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A total of £600million has been allocated by the government to retain and hire additional social workers in England as ministers attempt to bolster public services ahead of what is expected to be one of the NHS’ toughest winters.
The Department of Health and Social Care said on Friday the sum included a labor fund of £570m spread over two years and distributed to local authorities, and £30m for areas where health systems are the most “difficult”.
Campaigners and health officials have welcomed the decision to announce the extra money at the start of the year in July, guarantee it for two years and give local authorities flexibility over spending.
However, they warned that the sector, where around one in 10 positions are currently vacant, remains under massive pressure and urgently needs wider reform.
Alongside reforms announced earlier this year to improve the status and training of social care staff, and an NHS workforce plan unveiled in June, they would “build a stronger overall base for the workforce health and social care workforce,” the DHSC said.
The funding would also support the NHS by preventing hospital admissions and helping people get out of hospital faster “by reducing wait times for A&E and ambulances”, the department added.
A plan to boost emergency and emergency care released in January suggested around one in four patients who were unable to be discharged while medically fit to leave hospital were awaiting care at home .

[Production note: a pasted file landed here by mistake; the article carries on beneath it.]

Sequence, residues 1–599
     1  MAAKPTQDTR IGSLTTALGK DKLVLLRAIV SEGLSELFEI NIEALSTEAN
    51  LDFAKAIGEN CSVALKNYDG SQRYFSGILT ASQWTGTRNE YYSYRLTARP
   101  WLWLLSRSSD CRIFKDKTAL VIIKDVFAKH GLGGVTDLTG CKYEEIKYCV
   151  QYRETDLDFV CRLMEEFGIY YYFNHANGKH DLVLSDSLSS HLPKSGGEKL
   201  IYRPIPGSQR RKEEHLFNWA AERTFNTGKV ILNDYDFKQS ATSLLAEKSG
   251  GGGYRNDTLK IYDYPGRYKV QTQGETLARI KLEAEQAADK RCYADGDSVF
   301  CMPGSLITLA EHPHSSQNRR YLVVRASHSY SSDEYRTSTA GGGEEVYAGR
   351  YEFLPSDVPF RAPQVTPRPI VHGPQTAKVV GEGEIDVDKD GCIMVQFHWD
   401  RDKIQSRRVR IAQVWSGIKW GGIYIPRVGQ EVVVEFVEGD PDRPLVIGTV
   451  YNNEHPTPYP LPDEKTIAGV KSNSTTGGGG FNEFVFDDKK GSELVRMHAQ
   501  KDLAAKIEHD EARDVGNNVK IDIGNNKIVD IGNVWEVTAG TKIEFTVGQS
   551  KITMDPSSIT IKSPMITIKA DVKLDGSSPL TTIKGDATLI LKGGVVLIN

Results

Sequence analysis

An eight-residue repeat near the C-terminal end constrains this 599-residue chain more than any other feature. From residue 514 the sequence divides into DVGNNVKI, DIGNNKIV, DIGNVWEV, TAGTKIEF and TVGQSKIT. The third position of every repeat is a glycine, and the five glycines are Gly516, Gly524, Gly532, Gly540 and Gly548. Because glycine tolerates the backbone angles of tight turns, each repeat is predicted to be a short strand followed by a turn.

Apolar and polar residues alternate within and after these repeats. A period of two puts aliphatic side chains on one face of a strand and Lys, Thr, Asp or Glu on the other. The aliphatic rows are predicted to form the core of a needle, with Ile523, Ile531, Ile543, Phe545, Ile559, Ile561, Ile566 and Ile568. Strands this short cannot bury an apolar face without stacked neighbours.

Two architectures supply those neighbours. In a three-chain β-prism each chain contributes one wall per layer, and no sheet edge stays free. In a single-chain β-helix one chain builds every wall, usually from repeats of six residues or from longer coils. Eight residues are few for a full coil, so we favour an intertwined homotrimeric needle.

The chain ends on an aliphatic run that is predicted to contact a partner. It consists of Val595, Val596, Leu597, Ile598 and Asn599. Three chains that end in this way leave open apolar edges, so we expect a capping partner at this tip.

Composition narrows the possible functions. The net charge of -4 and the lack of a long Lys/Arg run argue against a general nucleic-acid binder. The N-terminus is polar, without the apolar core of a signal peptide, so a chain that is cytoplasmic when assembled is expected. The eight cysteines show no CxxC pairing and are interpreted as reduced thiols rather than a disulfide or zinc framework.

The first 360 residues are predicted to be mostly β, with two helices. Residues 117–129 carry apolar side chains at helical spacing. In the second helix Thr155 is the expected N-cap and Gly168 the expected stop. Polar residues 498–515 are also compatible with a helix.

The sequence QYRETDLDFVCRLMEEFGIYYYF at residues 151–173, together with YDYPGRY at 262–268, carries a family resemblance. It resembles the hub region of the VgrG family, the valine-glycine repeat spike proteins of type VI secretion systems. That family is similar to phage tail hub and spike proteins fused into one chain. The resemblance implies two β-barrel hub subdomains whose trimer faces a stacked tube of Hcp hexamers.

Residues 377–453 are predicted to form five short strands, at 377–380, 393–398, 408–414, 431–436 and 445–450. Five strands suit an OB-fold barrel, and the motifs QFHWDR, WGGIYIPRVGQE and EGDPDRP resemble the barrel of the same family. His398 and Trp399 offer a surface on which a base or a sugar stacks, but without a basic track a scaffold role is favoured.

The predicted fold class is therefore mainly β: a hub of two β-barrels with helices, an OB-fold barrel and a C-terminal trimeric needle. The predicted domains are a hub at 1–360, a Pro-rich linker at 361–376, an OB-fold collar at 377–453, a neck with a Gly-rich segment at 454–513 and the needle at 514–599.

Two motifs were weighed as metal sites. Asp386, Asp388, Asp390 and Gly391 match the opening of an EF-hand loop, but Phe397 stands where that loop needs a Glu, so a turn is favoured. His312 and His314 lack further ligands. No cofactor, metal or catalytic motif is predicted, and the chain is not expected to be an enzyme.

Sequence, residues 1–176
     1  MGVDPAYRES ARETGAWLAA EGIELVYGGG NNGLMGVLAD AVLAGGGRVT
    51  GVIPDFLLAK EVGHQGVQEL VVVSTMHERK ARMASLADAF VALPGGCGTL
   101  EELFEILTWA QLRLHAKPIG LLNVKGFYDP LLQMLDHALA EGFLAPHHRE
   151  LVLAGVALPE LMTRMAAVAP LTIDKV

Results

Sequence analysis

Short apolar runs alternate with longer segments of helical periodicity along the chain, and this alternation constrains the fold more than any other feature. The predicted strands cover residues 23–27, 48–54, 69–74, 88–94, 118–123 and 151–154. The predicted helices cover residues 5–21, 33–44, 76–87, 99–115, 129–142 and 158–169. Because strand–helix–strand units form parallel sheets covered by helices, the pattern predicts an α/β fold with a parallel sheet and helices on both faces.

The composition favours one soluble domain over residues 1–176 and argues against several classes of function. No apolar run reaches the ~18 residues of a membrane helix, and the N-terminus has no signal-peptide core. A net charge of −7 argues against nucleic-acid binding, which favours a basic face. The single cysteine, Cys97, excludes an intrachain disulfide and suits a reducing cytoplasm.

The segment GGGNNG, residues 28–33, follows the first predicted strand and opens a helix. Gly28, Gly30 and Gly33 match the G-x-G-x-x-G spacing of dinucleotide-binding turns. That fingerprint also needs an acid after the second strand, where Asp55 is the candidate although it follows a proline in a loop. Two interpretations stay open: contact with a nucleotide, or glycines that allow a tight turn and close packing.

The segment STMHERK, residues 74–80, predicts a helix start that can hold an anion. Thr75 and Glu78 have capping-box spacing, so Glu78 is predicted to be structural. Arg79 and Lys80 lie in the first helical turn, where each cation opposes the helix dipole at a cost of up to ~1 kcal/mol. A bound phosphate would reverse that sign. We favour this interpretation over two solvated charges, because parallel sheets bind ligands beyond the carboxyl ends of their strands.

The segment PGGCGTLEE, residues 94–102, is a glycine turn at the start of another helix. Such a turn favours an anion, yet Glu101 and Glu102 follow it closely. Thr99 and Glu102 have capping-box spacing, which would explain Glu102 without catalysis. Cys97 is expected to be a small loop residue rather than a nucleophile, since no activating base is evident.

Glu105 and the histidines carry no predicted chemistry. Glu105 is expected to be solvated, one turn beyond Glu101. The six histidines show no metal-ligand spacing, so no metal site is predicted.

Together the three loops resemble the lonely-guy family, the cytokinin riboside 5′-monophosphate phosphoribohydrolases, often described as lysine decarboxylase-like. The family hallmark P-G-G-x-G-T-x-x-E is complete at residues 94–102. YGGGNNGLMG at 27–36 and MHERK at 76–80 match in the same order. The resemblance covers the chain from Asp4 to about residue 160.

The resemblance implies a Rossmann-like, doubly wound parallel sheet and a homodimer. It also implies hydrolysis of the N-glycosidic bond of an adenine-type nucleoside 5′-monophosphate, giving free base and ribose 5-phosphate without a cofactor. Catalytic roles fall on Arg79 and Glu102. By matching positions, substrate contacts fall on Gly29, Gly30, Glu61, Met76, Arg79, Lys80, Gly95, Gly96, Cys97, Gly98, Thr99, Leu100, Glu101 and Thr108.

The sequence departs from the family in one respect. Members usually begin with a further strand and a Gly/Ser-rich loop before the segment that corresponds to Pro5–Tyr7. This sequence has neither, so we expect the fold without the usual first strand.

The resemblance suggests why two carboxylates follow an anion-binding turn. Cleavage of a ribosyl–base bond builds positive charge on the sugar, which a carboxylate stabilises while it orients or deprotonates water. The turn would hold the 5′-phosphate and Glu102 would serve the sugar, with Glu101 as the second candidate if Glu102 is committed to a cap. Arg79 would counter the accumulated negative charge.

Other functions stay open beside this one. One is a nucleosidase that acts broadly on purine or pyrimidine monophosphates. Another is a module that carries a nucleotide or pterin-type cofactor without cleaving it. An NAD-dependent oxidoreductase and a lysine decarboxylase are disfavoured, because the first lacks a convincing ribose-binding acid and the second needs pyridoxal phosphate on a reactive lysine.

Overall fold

About 16% were waiting for a place in a care home and 24% in intermediate care, according to the study.
Care Minister Helen Whately said the government’s workforce reforms will “help more people pursue rewarding careers in social care with nationally recognized qualifications.”
“Our investment in social care means more funding to go to the frontline,” she added.
Beverley Tarka, president of the Association of Directors of Adult Social Services, said the government was ‘putting us in a much better position than last year when the funding came too late, when we were already in the middle of a winter crisis”.
Its latest poll found that three-quarters of administrators fear they don’t have enough in their budget to get people the right care at the right time.
Although the additional funding would not solve all of these problems, it would “help stabilize the situation and help us to meet the challenges this winter”, she acknowledged.
When the government announced its reforms earlier this year, campaigners and experts complained that only around £250m had been earmarked for social care staff, compared to at least £500m pledged a year earlier early.
Welcoming the allocation of additional funds, Camille Oung, a member of the Nuffield Trust, said social care was often raided to reimburse other Whitehall budgets “so keeping that promised kitty and putting social workers first was the good choice”.
However, she warned that “we cannot be sure that this funding alone will solve the depth of the problem after years of neglect” and “a comprehensive program of reform” was needed.
Matthew Taylor, chief executive of the NHS Confederation, which represents health leaders in England, Wales and Northern Ireland, said social care budgets were “lower than what has been needed for a very long time “.
Although the pledged funding has been positive, “there is still a desperate need for a long-term social workforce plan, similar to the recently released NHS workforce plan”, it said. he adds.